Pick n Pay Holdings Ltd, with Mass Grocery Retail (MGR) companies in Africa enjoy in excess 30 percent of the market pie on SA soil, according to SA researches. The group operates more than 794 outlets made up of hypermarkets, supermarkets and family stores. Shoprite Holdings Ltd also one of Africa’s largest food retailers, also occupying market share of 30 percent in MGR.

 

 

 

Some of its store formats and retail brands include Shoprite supermarkets, Checkers supermarkets, Usave stores, MediRite pharmacy, House & Home and the OK Franchise division. Spar Group Ltd, is the third largest MGR by market share, owning market turf of approximately 26 percent. It operates six distribution centers, supplies goods and services to approximately 800 stores in the country. 9 Stores that are under the Spar group include; Build It, Pharmacy at Spar, Tops, Kwikspar and Superspar. Woolworths Holdings Ltd is the fourth largest MGR, with 11 percent market share. Woolworths owns 295 stores and has 145 franchised stores and offers its own product brand of clothing, food, home and beauty. Massmart consists of nine wholesale & retail chains with 265 stores in South Africa and 13 in other countries, has about 1 percent market share of the MGR. Brands under the Massmart umbrella include, amongst others Game, Dion, Makro, Builders Warehouse, Dion Wired, Builders Express, Builders Trade Depot, Jumbo Cash and Carry and Cambridge Food.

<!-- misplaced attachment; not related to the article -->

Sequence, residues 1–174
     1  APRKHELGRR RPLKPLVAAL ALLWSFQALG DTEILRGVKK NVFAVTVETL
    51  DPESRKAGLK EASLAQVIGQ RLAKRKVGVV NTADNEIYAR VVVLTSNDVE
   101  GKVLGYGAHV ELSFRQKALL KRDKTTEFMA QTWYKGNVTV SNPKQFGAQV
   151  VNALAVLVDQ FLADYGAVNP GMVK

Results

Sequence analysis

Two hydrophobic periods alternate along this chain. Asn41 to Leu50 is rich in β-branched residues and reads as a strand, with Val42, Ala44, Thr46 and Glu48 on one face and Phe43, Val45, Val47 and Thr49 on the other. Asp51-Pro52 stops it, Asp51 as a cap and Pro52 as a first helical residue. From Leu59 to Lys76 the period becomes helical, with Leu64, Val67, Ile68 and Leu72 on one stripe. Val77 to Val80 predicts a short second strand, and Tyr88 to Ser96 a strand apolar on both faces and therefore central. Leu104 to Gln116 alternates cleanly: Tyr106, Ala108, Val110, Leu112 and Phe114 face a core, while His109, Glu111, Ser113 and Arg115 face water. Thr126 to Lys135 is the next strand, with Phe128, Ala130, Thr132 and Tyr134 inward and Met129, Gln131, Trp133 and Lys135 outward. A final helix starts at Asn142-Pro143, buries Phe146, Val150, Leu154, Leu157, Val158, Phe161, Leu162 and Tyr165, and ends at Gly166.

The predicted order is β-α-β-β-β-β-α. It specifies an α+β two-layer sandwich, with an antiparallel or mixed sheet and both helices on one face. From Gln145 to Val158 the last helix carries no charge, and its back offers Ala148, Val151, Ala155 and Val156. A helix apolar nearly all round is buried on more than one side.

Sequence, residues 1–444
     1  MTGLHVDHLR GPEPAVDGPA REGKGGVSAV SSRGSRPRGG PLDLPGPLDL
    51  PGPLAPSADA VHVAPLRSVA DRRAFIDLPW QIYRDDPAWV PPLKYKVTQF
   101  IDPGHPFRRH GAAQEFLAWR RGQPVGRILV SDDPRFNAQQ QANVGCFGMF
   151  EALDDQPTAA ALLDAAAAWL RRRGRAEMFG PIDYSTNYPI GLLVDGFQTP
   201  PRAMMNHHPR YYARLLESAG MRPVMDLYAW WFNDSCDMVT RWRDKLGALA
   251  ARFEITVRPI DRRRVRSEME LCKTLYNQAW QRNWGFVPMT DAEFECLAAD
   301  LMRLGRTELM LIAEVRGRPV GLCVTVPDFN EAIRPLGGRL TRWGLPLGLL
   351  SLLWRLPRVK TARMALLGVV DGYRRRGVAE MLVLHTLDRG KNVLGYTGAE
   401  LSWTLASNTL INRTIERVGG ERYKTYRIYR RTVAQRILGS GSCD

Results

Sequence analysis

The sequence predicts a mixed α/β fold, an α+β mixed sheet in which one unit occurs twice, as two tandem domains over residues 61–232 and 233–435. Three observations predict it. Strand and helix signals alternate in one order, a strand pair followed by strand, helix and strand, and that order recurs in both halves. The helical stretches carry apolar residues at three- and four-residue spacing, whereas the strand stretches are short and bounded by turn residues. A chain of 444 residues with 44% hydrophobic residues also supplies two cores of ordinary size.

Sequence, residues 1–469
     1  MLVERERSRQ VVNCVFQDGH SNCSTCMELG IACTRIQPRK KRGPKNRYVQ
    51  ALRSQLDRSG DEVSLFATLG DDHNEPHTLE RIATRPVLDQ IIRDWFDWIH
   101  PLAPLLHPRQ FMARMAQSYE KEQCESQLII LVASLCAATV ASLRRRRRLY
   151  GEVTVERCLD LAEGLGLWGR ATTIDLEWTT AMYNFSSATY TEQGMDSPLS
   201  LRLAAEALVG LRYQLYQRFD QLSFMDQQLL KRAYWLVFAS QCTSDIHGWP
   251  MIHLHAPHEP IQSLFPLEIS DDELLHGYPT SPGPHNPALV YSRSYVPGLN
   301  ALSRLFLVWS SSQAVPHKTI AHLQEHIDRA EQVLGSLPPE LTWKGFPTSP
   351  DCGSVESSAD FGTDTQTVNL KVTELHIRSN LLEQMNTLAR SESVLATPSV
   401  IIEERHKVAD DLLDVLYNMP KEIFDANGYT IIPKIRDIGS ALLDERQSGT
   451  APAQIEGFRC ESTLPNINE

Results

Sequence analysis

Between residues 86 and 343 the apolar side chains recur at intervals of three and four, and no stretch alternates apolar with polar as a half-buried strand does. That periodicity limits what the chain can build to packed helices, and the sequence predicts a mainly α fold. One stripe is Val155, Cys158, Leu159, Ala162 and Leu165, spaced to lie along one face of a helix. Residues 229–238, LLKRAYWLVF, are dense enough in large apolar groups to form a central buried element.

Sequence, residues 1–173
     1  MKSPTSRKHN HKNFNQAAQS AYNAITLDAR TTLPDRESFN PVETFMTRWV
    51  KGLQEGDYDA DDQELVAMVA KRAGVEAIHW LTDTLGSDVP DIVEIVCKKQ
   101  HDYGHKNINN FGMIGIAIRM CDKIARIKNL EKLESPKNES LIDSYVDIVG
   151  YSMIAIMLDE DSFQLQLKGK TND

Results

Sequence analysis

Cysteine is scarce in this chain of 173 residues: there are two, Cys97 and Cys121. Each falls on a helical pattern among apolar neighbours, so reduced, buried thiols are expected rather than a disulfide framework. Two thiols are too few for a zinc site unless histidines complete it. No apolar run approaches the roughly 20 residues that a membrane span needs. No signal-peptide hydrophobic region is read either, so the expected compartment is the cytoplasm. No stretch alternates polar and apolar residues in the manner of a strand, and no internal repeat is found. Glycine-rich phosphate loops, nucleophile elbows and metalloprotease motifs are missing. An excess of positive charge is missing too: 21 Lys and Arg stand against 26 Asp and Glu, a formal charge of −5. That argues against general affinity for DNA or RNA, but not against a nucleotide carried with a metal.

Moemedi Mosele an analyst at Motswedi Securities intimates that big players undercut to protect their market share. Competition would obviously be much higher than locally, where Choppies have bragging rights, he argues, “In SA they started in a small town and as they expand to urban areas there will be huge competition.”

 
Choppies introduced its footprint in South Africa by opening a store in Zeerust, North West provence. Last year significant expansion saw the acquisition of the 21 profitable Jwayelani stores in KwaZulu-Natal and Eastern Cape supported by a Durban-based distribution centre. As in all industries, Tshegofatso Tlhong, an Investment Analyst at Afena Capital says, competition is something that all businesses must contend with and Choppies is no exception, “How they compete to ensure that they remain competitive is what will make the difference going forward.” “Previously, Choppies was also concentrated in mining areas of South Africa hence the pull back in performance that we saw, when the mining sector experienced challenges.”

 

 

The stores are located in once hard hit ‘mining towns’, which have seen significant declines in footfall due to falling levels of employment. She also points to the previous strikes in the platinum belt in South Africa which coupled with downturn in commodity prices had an impact on disposable income of residents within that area, thus impacting Choppies performance. “It is common knowledge that globally, regionally and within Botswana, economic growth has been anaemic and that has impacted the performance of businesses.”